Here’s a graphic from NASA imagining what a summer solstice sunrise might’ve looked like back when Stonehenge was fully intact:

a close up of a device © NASA

Nowadays, humans still gather to pay homage to the summer solstice at Stonehenge — they just use modern technology, like so:

a large crowd of people: Thousands Gather To Celebrate Summer Solstice At Stonehenge © Tim Ireland/Getty Images Thousands Gather To Celebrate Summer Solstice At Stonehenge

People at Stonehenge on the solstices know how to throw a party. Here’s an image from a recent winter solstice at the site.

a group of people riding on the back of an elephant © Getty Images

5) Is this the longest day in Earth’s entire history?

Probably not, although it’s close. And the reason why is quite interesting. Joseph Stromberg did a fantastic deep dive into this topic for Vox a few years back, but here’s the two-minute version.

Ever since the Earth has had liquid oceans and a moon, its rotation has been gradually slowing over time due to tidal friction. That means — over very, very long periods of time — the days have been getting steadily longer. About 4.5 billion years ago, it took the Earth just six hours to complete one rotation. About 350 million years ago, it took 23 hours. Today, of course, it takes about 24 hours. And the days will gradually get longer still.

Given that, you’d think 2018 would be the longest day in all of history. But while it’s certainly up there, it doesn’t quite take top honors.

That’s because tidal friction isn’t the only thing affecting Earth’s rotation; there are a few countervailing factors. The melting of glacial ice, which has been occurring since the end of the last ice age 12,000 years ago (and is now ramping up because of global warming), is actually speeding upEarth’s rotation very slightly, shortening the days by a few fractions of a millisecond. Likewise, geologic activity in the planet’s core, earthquakes, ocean currents, and seasonal wind changes can also speed up or slow down Earth’s rotation.

When you put all these factors together, scientists have estimated that the longest day in Earth’s history (so far) likely occurred back in 1912. That year’s summer solstice was the longest period of daylight the Northern Hemisphere has ever seen (and, conversely, the 1912 winter solstice was the longest night we’ve ever seen).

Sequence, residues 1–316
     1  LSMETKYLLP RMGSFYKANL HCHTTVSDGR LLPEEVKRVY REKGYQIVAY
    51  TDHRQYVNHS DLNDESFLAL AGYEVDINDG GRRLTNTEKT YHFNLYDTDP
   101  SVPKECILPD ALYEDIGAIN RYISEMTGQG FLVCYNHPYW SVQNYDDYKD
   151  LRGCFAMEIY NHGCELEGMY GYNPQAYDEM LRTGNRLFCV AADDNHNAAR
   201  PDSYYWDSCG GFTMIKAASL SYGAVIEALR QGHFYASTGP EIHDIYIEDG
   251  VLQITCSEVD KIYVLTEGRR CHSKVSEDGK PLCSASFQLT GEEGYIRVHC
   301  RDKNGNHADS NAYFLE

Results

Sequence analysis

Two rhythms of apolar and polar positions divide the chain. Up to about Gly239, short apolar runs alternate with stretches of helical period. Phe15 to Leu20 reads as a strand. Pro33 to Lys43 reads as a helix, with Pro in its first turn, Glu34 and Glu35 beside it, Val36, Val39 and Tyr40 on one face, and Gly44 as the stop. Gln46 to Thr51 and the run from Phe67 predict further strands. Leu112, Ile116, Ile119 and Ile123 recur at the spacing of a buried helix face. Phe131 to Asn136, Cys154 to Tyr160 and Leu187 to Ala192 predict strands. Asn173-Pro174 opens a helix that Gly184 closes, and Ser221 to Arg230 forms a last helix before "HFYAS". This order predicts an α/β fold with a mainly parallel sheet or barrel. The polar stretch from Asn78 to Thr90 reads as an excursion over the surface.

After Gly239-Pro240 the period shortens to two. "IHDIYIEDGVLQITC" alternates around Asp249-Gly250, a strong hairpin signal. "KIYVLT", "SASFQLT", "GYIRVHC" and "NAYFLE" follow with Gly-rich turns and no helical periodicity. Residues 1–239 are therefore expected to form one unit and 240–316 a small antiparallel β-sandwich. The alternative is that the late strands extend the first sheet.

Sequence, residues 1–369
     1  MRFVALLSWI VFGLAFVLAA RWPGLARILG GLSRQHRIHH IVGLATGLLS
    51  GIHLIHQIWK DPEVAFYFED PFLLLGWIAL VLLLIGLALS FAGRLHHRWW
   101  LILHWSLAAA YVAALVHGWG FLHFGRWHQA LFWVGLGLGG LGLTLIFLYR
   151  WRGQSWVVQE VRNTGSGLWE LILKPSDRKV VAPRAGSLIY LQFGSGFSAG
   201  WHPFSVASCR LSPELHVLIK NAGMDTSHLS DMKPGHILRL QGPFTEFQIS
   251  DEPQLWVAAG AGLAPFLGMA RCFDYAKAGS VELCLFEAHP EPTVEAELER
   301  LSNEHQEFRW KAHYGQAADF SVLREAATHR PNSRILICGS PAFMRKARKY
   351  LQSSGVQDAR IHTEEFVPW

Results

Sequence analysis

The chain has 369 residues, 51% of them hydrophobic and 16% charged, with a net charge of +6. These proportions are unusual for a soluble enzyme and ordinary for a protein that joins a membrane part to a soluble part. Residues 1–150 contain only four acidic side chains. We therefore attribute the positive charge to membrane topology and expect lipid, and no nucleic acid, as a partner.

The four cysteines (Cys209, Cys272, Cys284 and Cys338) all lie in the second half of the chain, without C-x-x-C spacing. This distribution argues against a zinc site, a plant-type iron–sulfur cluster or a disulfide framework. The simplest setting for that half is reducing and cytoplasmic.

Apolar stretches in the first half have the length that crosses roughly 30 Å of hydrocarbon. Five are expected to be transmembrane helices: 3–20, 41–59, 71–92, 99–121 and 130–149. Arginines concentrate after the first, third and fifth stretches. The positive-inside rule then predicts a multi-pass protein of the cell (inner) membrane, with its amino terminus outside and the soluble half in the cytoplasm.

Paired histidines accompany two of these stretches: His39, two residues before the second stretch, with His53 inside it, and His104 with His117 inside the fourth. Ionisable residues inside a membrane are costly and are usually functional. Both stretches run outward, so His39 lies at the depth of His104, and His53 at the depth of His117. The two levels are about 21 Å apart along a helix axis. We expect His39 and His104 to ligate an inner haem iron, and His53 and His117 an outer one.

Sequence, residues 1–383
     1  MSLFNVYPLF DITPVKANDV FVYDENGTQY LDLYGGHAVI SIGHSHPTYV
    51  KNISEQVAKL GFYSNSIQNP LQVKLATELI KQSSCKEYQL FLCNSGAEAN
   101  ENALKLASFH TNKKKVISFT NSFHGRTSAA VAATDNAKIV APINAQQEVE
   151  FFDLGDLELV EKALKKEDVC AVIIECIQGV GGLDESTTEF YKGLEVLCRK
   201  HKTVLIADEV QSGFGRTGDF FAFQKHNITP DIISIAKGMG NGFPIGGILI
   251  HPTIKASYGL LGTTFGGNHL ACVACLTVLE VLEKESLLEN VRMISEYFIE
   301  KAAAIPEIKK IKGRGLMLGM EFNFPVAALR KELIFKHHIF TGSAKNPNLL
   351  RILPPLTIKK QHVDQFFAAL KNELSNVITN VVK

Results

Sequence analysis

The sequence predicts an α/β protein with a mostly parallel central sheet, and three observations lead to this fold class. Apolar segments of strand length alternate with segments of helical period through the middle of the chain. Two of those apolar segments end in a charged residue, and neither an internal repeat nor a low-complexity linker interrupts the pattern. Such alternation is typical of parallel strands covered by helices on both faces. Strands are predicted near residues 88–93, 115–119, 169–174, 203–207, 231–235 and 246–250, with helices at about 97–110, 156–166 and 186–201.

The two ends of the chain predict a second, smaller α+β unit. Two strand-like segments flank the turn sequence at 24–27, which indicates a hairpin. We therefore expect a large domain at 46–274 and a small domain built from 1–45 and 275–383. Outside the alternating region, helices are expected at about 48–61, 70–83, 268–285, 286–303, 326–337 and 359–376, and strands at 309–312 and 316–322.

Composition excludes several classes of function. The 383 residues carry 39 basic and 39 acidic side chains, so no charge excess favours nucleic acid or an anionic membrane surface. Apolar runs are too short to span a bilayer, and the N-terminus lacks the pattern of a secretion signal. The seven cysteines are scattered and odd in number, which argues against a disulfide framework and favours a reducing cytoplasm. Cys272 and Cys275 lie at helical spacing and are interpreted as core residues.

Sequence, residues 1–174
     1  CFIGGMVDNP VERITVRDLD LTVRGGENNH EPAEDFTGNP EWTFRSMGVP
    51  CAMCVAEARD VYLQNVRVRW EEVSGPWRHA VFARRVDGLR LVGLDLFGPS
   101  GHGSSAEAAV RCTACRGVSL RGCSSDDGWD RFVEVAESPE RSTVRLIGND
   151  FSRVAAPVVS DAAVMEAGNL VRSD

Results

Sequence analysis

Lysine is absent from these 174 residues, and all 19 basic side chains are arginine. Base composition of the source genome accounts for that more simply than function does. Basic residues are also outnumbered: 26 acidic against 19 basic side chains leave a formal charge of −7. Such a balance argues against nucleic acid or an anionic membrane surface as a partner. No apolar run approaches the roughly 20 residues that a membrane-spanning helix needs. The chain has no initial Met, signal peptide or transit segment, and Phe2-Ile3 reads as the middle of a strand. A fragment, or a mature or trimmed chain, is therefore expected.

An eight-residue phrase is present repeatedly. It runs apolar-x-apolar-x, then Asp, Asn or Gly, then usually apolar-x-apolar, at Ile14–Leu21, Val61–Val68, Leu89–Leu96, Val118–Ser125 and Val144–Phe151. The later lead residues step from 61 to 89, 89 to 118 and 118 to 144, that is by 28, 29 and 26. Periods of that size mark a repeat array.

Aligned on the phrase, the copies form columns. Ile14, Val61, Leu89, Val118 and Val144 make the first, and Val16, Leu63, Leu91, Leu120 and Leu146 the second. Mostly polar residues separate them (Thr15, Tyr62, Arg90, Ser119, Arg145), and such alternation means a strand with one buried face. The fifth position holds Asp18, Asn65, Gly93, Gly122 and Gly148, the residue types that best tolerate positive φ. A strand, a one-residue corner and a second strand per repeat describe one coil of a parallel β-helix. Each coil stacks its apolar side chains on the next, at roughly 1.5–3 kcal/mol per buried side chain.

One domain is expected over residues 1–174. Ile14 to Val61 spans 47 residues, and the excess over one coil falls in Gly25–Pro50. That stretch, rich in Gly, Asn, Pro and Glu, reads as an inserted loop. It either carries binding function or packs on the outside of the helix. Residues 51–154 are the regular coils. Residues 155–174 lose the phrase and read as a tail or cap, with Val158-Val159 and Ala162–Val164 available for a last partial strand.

Eventually, the effects of tidal friction should overcome all those other factors, and Earth’s days will get longer and longer as its rotation keeps slowing (forcing timekeepers to add leap seconds to the calendar periodically). Which means that in the future, there will be plenty of summer solstices that set new records as the “longest day in Earth’s history.”

6) I clicked this article accidentally and really just want a cool picture of the sun

We got you:

a star in the background © Solar Dynamics Observatory, NASA
The sun blew out a coronal mass ejection along with part of a solar filament over a three-hour period (February 24, 2015). Some of the strands fell back into the sun.

The image above was taken by NASA’s Solar Dynamics Observatory, a spacecraft launched in 2010 to better understand the sun.

In August, NASA will launch the Parker Probe Plus, a spacecraft that will come within 4 million miles of the surface of the sun, much closer than any spacecraft has been before. The goal is to study the sun’s atmosphere, weather, and magnetism and figure out the mystery of why the sun’s corona (its atmosphere) is much hotter than its surface. Still, even several million miles away, the probe will have to withstand temperatures of 2,500 degrees Fahrenheit.

It’s essential to understand the sun: It’s nothing to mess with. At Vox, Brad Plumer wrote about what happens when the sun erupts and sends space weather our way to wreak havoc on Earth.

Happy solstice!


More From

image beaconimage beaconimage beacon